Heartleaf Bergenia, Pigsqueak

Bergenia cordifolia

Family: Saxifragaceae (saks-ih-frag-AY-see-ee) (Info)
Genus: Bergenia (ber-GEN-ee-a) (Info)
Species: cordifolia (kor-di-FOH-lee-uh) (Info)
Synonym:Megasea cordifolia
Synonym:Saxifraga cordifolia
View this plant in a garden



Foliage Color:


Bloom Characteristics:

Flowers are good for drying and preserving

This plant is attractive to bees, butterflies and/or birds

Water Requirements:

Drought-tolerant; suitable for xeriscaping

Average Water Needs; Water regularly; do not overwater

Where to Grow:

Unknown - Tell us


12-18 in. (30-45 cm)


9-12 in. (22-30 cm)


USDA Zone 4a: to -34.4 C (-30 F)

USDA Zone 4b: to -31.6 C (-25 F)

USDA Zone 5a: to -28.8 C (-20 F)

USDA Zone 5b: to -26.1 C (-15 F)

USDA Zone 6a: to -23.3 C (-10 F)

USDA Zone 6b: to -20.5 C (-5 F)

USDA Zone 7a: to -17.7 C (0 F)

USDA Zone 7b: to -14.9 C (5 F)

Sun Exposure:

Light Shade



Bloom Color:


Bloom Time:

Late Winter/Early Spring


Grown for foliage



Other details:

Unknown - Tell us

Soil pH requirements:

6.6 to 7.5 (neutral)

7.6 to 7.8 (mildly alkaline)

7.9 to 8.5 (alkaline)

Patent Information:


Propagation Methods:

By dividing rhizomes, tubers, corms or bulbs (including offsets)

Seed Collecting:

Allow seedheads to dry on plants; remove and collect seeds

Properly cleaned, seed can be successfully stored


This plant has been said to grow in the following regions:

Anchorage, Alaska (2 reports)

Juneau, Alaska

Seward, Alaska

Clayton, California

Fort Bragg, California

Glen Avon, California

Laguna Niguel, California

Merced, California

Sacramento, California

Salinas, California

Simi Valley, California

Wilmington, Delaware

Lewiston, Idaho

Mount Prospect, Illinois

Plainfield, Illinois

Winnetka, Illinois

Jeffersonville, Indiana

Macy, Indiana

Marshalltown, Iowa

Taylorsville, Kentucky

Bridgewater, Massachusetts

Sandwich, Massachusetts

Grand Rapids, Michigan

Ludington, Michigan

Scottville, Michigan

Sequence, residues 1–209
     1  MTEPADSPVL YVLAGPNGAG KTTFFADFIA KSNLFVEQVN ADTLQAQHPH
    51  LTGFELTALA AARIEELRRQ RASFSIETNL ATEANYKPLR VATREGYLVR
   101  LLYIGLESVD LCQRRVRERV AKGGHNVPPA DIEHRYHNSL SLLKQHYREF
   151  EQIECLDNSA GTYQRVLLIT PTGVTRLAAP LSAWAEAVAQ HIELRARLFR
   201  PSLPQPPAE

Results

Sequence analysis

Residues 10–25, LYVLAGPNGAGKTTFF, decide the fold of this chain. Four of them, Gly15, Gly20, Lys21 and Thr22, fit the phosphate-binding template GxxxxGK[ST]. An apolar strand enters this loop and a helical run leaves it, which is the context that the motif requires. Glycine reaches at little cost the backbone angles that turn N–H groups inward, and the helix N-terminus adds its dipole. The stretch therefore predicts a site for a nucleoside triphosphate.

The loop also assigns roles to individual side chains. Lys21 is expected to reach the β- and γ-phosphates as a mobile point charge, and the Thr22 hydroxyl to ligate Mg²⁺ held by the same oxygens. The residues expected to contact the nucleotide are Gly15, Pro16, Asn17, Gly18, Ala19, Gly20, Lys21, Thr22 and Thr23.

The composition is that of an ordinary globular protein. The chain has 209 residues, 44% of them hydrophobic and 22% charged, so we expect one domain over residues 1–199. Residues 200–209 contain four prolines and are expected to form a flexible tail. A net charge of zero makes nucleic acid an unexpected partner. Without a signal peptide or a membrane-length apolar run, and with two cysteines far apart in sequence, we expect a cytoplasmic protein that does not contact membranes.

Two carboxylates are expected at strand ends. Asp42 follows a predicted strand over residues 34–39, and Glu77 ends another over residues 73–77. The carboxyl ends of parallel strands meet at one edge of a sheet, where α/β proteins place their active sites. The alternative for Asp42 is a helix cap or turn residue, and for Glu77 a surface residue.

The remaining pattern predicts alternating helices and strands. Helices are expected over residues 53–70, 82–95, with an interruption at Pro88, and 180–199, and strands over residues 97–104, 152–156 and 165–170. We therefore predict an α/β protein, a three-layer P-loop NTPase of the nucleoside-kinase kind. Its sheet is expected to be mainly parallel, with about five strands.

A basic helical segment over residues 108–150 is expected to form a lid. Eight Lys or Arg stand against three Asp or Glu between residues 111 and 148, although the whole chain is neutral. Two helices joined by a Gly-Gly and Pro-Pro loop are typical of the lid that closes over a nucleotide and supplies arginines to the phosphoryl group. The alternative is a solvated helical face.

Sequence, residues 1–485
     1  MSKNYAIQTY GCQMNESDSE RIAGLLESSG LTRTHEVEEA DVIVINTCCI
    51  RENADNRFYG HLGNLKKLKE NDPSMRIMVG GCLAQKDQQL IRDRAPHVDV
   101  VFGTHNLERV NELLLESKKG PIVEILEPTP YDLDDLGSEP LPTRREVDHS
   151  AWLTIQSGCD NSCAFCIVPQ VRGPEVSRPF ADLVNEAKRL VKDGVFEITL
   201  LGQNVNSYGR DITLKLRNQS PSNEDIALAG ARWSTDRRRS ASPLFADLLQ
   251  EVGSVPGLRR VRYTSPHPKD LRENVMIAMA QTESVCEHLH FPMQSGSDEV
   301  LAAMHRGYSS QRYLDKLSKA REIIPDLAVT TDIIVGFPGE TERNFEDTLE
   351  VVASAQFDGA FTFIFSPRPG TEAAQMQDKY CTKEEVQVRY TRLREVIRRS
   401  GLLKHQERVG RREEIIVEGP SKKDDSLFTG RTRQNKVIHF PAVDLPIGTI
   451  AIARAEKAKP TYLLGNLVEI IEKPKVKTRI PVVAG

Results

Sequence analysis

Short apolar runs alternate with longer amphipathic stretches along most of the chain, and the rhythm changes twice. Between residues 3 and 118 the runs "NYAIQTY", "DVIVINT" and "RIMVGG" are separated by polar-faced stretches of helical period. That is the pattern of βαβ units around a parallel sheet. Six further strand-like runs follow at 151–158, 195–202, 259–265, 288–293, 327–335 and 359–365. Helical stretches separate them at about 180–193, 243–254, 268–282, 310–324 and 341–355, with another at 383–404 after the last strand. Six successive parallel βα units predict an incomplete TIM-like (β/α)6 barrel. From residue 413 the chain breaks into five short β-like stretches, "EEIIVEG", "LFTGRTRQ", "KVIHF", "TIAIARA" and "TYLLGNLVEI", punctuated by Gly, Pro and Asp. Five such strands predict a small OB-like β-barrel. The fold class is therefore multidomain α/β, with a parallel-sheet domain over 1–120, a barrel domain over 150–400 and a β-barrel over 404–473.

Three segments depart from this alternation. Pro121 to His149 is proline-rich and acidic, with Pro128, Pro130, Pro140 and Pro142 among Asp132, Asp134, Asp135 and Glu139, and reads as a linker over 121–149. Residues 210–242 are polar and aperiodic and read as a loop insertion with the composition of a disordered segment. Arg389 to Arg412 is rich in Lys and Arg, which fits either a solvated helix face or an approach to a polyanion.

Isle, Minnesota

Minneapolis, Minnesota

Lincoln, Nebraska

New York City, New York

Schenectady, New York

Elizabeth City, North Carolina

Bucyrus, Ohio

Cincinnati, Ohio

Columbus, Ohio

Grove City, Ohio

Williamsburg, Ohio

Portland, Oregon

Salem, Oregon

Albion, Pennsylvania

Norristown, Pennsylvania

Philadelphia, Pennsylvania (2 reports)

Wilkes Barre, Pennsylvania

Conway, South Carolina

Myrtle Beach, South Carolina

Gainesboro, Tennessee

Johnson City, Tennessee

Murfreesboro, Tennessee

Leesburg, Virginia

Kalama, Washington

Kirkland, Washington

Olympia, Washington

Spokane, Washington (2 reports)

Stanwood, Washington

Milwaukee, Wisconsin

show all

Gardeners' Notes:


On Sep 18, 2015, handone from Rathdrum, ID wrote:

I grow this plant in North Idaho. It receives full sun to about noon, then is shaded. It gets huge stalks with pretty pink blooms. As the season progresses in to mid summer, the leaves turn a bright burgundy to red color, when most other plants are looking fairly dead. It remains this color till the snow flies. I gently pull the spent flower stalk completely, out of the ground which if the ground is moist some roots & 2 or 3 leafs will be attached, if dry the stalk will just break. I then plant it 10 to 12 inches from any other plant, in wet soil & keep it moist then by next spring I have beautiful new plants. Or give some to my neighbors. Doing this, helps to keep it from being root bound , over crowded, & it very seldom then, needs divided. It is a easy maintenance plant providi... read more


On Aug 12, 2015, 47jardin from Laguna Niguel, CA wrote:

I have two varieties of bergenia, one very large ruffled leaf and a few regular ones. I am curious about whether I can cut off the head and replant it. Also will the remaining stump sprout?


On Dec 5, 2014, coriaceous from ROSLINDALE, MA wrote:

This is a beautiful plant where well grown.

I have seen many in this area, and most do not thrive. It has never thrived for me. In my experience, it seems to lack vigor in this climate (Boston Z6a).

The early spring flowers are attractive, but this is grown more for its evergreen foliage, which turns an attractive bronze/burgundy in cold weather, but winter damage to the leaves is considerable in most winters, spoiling the appearance even as far south as Z7.

I also rarely see plants without many disfiguring notches eaten from the edges of the leaves. I suspect black vine weevil is the culprit, and that it's in the pots at the nurseries. (Slugs and snails might be the cause, too.) Perhaps this, not climate, is the reason this plant usually fails ... read more


On Jul 1, 2010, akcrafter from Philadelphia, PA wrote: